February 6, 2003
Good Morning from the Zündelsite:
Ernst Zündel was arrested yesterday, allegedly on an immigration violations matter. In a nutshell, he was told that he had missed showing up at a scheduled immigration hearing in May of 2001. Things are still very sketchy, but I will tell you what I know and, in essence, documented for Ernst's immigration attorney.
February 5, 2003
This is what I remember about Ernst's arrest by the officers of INS: It is now 1:10 pm.
Shortly after 11 a. m. the door bell rang. I was in my office. I remember the time because I am on a diet and I knew I could have a snack at 11 a.m. Ernst and John, a local man who helps out with odd jobs, were working on Ernst's painting, framing some of them. Two minutes or so later, Ernst came into my office and said, as I remember it. "Guess what. The INS guys are here because I am supposed to have missed a hearing."
I went outside with him, and there were a total of 5 men, one of them in uniform. (John later told me that the man in uniform was the local deputy sheriff.)
Ernst stood by the hood of John's car with one of the officers handing him a pad with a one-page text that he was trying to get Ernst to sign.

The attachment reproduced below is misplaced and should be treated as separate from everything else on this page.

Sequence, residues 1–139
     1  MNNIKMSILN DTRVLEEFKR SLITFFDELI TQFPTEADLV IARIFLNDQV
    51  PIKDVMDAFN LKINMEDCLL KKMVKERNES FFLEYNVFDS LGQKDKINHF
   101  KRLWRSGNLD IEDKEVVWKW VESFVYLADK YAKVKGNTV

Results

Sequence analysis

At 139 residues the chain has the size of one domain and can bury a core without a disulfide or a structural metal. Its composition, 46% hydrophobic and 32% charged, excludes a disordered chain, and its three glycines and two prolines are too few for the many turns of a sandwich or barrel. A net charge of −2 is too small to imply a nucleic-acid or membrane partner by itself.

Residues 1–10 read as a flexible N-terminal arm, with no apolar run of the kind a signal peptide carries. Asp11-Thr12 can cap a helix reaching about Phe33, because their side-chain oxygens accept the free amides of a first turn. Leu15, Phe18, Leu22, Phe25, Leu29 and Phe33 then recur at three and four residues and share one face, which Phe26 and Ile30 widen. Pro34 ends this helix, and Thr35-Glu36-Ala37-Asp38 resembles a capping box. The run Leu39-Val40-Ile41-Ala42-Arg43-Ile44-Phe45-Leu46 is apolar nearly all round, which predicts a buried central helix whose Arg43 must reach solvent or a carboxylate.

Ernst asked if he could call his lawyer. He was told that he could not.
I asked if I could call a lawyer, and I was told that I could not.
The demeanor of the men, I felt, was threatening. Ernst said he wanted to read the document he was to sign, and was told the men did not have all day.
Nonetheless, he read it very carefully, then told them that he never received a request for a hearing. I reiterated that as well.
I also said that we had received a notification that said a hearing might take "up to 36 months". (Ernst had applied for permanent residency status in the US in the summer of 2000)
The officer just shrugged. Ernst was again urged to sign the paper, and I suggested that he put a note at the bottom stating that he had never received a hearing date.
Ernst then said, as I remember it: "What happens if I don't sign it?" and he was told by the man who stood to his left: "Then we'll have to arrest you." "And if I sign it?"
At that, the man said: "Either way. We are here to arrest you."
Thereupon Ernst signed the paper, I believe. Maybe he just wrote his objection. I never saw what was written there, nor was I given a copy.